Australian Professor Alana Mann discusses some key themes from her recent book ‘Food in a Changing Climate’ in this wide-ranging conversation. She believes Australia could be seen as a case study in what can go badly wrong if you are naive about climate change and our food systems. She also says drawing on indigenous knowledge of what works in the difficult environment there and elsewhere could also help in facing the challenges to food systems from climate change.
Alana argues for the rejuvenation and strengthening of local and regional food systems that have been steadily eroded in the name of economic ‘efficiency’. She draws on case studies from around the world in her book to illustrate how the commodification of food has made us particularly vulnerable to climate change, extreme weather events, and pandemics such as COVID19. She says these shocks reveal the danger of our reliance on increasingly complex supply chains – dominated by a decreasing number of mega-companies – for our food security.
Here are links to some of the things she mentioned in her interview: Bruce Pascoe’s book, Dark Emu Black Seeds: Agriculture or Accident?; Graham Riches book, Food Bank Nations; website for FoodLab Detroit and a Ted Talk by Devita Davison of FoodLab Detroit; websites for FoodLab Sydney; the Milan Urban Food Policy Pact; and, Food Sovereignty. Here are links to some media reports on the issues discussed in the book re: almonds and plant-based protein and meat replacements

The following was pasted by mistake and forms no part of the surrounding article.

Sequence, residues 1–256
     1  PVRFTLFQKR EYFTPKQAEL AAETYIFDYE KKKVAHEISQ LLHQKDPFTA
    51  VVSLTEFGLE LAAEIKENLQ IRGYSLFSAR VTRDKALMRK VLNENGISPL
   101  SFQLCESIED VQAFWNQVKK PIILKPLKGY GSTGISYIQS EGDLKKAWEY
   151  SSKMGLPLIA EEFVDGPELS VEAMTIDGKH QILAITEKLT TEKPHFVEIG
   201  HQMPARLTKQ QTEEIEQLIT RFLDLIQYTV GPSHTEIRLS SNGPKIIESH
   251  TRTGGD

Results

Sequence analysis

Alana Mann, Food in a Changing Climate, Emerald Publishing, 2021.
You can hear an interview with Graham Riches entitled ‘First world hunger – surplus food for surplus people?’ here and read a guest blog by him entitled ‘Corporate Charity undermines the human right to adequate food and nutrition’ here.